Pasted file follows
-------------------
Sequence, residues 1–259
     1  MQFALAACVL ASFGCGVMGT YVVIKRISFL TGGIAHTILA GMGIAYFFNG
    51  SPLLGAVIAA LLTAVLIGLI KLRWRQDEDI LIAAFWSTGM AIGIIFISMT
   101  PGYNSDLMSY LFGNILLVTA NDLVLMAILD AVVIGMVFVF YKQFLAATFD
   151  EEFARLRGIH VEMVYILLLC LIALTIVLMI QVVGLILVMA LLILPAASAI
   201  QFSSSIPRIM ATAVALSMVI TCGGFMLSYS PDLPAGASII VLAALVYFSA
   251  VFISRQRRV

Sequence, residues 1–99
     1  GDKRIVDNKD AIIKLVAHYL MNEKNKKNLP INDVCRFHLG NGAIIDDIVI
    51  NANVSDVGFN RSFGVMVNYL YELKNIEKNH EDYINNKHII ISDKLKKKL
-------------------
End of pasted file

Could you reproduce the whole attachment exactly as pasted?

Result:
Sequence, residues 1–259
     1  MQFALAACVL ASFGCGVMGT YVVIKRISFL TGGIAHTILA GMGIAYFFNG
    51  SPLLGAVIAA LLTAVLIGLI KLRWRQDEDI LIAAFWSTGM AIGIIFISMT
   101  PGYNSDLMSY LFGNILLVTA NDLVLMAILD AVVIGMVFVF YKQFLAATFD
   151  EEFARLRGIH VEMVYILLLC LIALTIVLMI QVVGLILVMA LLILPAASAI
   201  QFSSSIPRIM ATAVALSMVI TCGGFMLSYS PDLPAGASII VLAALVYFSA
   251  VFISRQRRV

Sequence, residues 1–99
     1  GDKRIVDNKD AIIKLVAHYL MNEKNKKNLP INDVCRFHLG NGAIIDDIVI
    51  NANVSDVGFN RSFGVMVNYL YELKNIEKNH EDYINNKHII ISDKLKKKL